Skip to content

Advertisement

  • Research
  • Open Access

Pamidronate decreases bilirubin-impaired cell death and improves dentinogenic dysfunction of stem cells from human deciduous teeth

Stem Cell Research & Therapy20189:303

https://doi.org/10.1186/s13287-018-1042-7

  • Received: 15 August 2018
  • Accepted: 10 October 2018
  • Published:

Abstract

Background

Hyperbilirubinemia that occurs in pediatric liver diseases such as biliary atresia can result in the development of not only jaundice in the brain, eyes, and skin, but also tooth abnormalities including green pigmentation and dentin hypoplasia in the developing teeth. However, hyperbilirubinemia-induced tooth impairments remain after liver transplantation. No effective dental management to prevent hyperbilirubinemia-induced tooth impairments has been established.

Methods

In this study, we focused on pamidronate, which is used to treat pediatric osteopenia, and investigated its effects on hyperbilirubinemia-induced tooth impairments. We cultured stem cells from human exfoliated deciduous teeth (SHED) under high and low concentrations of unconjugated bilirubin in the presence or absence of pamidronate. We then analyzed the effects of pamidronate on the cell death, associated signal pathways, and dentinogenic function in SHED.

Results

We demonstrated that a high concentration of unconjugated bilirubin induced cell death in SHED via the mitochondrial pathway, and this was associated with the suppression of AKT and extracellular signal-related kinase 1 and 2 (ERK1/2) signal pathways and activation of the nuclear factor kappa B (NF-κB) signal pathway. The high concentration of unconjugated bilirubin impaired the in vitro and in vivo dentinogenic capacity of SHED, but not the low concentration. We then demonstrated that pamidronate decreased the bilirubin-induced cell death in SHED via the altered AKT, ERK1/2, and NF-κB signal pathways and recovered the bilirubin-impaired dentinogenic function of SHED.

Conclusions

Our findings suggest that pamidronate may prevent tooth abnormalities in pediatric patients with hyperbilirubinemia.

Keywords

  • Stem cells from human exfoliated deciduous teeth (SHED)
  • Bilirubin
  • Pamidronate
  • Cell death

Background

Stem cells from human exfoliated deciduous teeth (SHED) have been identified as a sub-population of highly proliferative mesenchymal stem cells (MSCs) with self-renewal capacity and multi-differentiation potential [1, 2]. Given the critical ability of SHED to form dentin [3, 4], SHED are considered as the ideal dentinogenic stem cells to investigate the cellular and molecular mechanisms of dentinogenesis in both physiological and pathological processes of developing teeth.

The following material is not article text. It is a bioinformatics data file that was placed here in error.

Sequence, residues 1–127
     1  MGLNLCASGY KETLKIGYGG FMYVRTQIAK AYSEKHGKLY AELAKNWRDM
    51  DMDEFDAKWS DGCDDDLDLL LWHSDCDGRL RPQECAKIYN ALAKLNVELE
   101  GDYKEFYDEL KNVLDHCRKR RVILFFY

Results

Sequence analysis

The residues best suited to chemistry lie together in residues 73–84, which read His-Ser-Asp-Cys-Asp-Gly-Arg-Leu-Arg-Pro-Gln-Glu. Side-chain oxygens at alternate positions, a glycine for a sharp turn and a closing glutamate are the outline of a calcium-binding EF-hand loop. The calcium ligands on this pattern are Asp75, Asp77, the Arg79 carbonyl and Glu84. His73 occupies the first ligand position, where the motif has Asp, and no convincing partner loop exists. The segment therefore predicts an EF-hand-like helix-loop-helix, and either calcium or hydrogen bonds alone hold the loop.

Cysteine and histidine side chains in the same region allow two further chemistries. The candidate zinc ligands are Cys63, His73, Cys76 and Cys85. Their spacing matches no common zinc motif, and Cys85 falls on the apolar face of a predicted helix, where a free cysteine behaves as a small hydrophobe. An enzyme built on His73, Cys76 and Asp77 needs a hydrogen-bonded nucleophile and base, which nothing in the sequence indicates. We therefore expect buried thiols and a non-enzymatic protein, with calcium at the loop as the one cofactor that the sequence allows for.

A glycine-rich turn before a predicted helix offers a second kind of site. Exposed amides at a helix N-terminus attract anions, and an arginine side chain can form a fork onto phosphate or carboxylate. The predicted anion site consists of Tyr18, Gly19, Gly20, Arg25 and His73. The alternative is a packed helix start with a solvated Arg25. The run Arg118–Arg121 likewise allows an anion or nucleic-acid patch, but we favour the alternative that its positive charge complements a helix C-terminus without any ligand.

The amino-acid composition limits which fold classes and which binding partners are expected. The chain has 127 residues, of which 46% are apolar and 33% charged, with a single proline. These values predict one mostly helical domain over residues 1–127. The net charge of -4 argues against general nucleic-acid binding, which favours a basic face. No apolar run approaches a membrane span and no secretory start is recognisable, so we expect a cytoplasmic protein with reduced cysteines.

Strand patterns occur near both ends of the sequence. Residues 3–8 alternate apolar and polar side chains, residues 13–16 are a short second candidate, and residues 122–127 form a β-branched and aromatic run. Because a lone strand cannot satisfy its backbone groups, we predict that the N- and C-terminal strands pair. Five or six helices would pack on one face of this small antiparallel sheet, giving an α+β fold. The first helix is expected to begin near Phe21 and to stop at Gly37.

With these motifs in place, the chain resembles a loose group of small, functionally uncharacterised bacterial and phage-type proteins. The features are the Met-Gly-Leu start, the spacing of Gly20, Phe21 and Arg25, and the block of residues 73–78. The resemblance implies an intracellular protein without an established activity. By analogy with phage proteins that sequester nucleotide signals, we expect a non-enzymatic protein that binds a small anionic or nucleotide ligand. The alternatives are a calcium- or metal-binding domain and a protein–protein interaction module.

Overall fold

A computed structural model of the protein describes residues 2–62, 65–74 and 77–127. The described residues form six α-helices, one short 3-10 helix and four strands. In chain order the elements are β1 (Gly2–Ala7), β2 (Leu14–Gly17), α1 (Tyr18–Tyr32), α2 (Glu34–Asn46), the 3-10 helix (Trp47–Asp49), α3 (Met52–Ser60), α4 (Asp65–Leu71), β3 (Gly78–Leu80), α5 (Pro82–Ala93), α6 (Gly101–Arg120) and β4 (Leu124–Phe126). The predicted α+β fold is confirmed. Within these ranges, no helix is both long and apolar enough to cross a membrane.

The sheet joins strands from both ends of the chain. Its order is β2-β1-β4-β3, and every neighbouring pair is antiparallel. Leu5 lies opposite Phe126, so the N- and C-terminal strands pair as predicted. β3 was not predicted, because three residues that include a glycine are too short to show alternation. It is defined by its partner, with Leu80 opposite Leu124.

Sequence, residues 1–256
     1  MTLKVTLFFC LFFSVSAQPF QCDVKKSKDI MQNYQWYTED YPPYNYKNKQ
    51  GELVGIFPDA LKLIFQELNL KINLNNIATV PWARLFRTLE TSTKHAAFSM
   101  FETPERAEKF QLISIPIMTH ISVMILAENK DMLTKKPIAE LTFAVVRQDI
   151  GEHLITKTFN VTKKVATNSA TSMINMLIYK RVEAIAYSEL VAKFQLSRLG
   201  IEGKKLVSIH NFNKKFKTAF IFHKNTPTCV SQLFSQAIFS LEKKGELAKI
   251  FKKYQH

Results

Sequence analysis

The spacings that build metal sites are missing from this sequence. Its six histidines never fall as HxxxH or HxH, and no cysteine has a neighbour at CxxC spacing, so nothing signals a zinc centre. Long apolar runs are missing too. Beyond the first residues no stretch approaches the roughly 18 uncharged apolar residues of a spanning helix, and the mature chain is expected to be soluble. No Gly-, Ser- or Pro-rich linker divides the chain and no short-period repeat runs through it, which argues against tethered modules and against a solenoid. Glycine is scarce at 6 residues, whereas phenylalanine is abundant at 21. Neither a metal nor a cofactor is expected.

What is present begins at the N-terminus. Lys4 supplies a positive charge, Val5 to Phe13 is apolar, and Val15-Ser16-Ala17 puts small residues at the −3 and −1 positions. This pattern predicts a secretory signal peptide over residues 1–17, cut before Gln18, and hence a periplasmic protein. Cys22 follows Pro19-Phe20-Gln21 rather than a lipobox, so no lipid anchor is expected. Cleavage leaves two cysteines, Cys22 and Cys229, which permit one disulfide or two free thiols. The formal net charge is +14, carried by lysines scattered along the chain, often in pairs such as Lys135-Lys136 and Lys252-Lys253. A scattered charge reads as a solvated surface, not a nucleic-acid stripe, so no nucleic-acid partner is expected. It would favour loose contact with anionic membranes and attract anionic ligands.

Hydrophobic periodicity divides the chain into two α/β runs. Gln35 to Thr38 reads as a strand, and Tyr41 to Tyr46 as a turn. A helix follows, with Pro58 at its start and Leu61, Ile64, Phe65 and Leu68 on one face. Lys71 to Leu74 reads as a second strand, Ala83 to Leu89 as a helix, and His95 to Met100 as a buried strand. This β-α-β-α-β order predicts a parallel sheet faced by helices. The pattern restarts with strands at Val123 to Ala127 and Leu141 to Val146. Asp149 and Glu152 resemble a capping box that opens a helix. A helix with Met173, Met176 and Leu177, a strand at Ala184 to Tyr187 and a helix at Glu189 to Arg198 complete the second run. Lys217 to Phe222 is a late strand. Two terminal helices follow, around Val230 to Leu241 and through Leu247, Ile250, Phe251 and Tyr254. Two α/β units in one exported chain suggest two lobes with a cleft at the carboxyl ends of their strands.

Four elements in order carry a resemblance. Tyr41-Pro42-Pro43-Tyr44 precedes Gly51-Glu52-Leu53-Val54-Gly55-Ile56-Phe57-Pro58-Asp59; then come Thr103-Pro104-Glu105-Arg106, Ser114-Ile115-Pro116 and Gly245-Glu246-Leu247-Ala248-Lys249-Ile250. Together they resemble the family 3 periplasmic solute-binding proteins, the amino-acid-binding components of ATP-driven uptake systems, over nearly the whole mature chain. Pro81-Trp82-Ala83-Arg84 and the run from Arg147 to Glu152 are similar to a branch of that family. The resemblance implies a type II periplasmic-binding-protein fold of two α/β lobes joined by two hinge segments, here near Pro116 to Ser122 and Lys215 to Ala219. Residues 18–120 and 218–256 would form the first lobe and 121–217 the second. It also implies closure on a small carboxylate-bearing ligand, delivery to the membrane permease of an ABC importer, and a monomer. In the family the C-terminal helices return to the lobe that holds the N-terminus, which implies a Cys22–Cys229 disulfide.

Pediatric hyperbilirubinemia, which is caused by congenital liver disorders, such as congenital biliary atresia (BA) and Wilson disease, results in the development of jaundice in the brain, eyes, and skin [5, 6]. The excess blood bilirubin impairs osteogenic function and cell viability of bone-forming cells [7, 8], resulting in secondary osteoporosis of the growing skeletal system [9, 10]. Meanwhile, pediatric hyperbilirubinemia injures developing deciduous and permanent dentition associated with green pigmentation and dentin hypoplasia [11, 12], which raises the risk of dental caries. However, the underlying mechanisms of dentin hypoplasia by hyperbilirubinemia remain unclear. A recent in vitro study demonstrated that bilirubin induced cell death and dentinogenic dysfunction in SHED via alterations in AKT extracellular-regulated kinases 1/2 (ERK1/2) and nuclear factor kappa B (NF-κB) signal pathways [13].

Once pediatric patients with refractory liver diseases receive a liver transplantation, osteoporosis is improved [14, 15]. However, although impaired oral findings associated with hyperbilirubinemia and liver transplantation were reported [16, 17], the underlining mechanisms and the appropriated treatments for their associated oral impairments including dentin hypoplasia have not been investigated fully, suggesting that the tooth abnormalities may undermine the subsequent healthy development and quality of life in pediatric patients with hyperbilirubinemia. However, no effective dental care to prevent hyperbilirubinemia-induced tooth injuries has been established. Bisphosphonates are used as a safe and useful pharmacological approach for pediatric patients with osteogenesis imperfecta and secondary osteoporosis in BA and Wilson disease [18, 19]. Pamidronate provides the clinical benefits of preventing bone loss and bone fracture in pediatric patients awaiting liver transplantation [20]. However, the pharmacological efficacy of pamidronate in tooth failure in pediatric hyperbilirubinemia has not been investigated.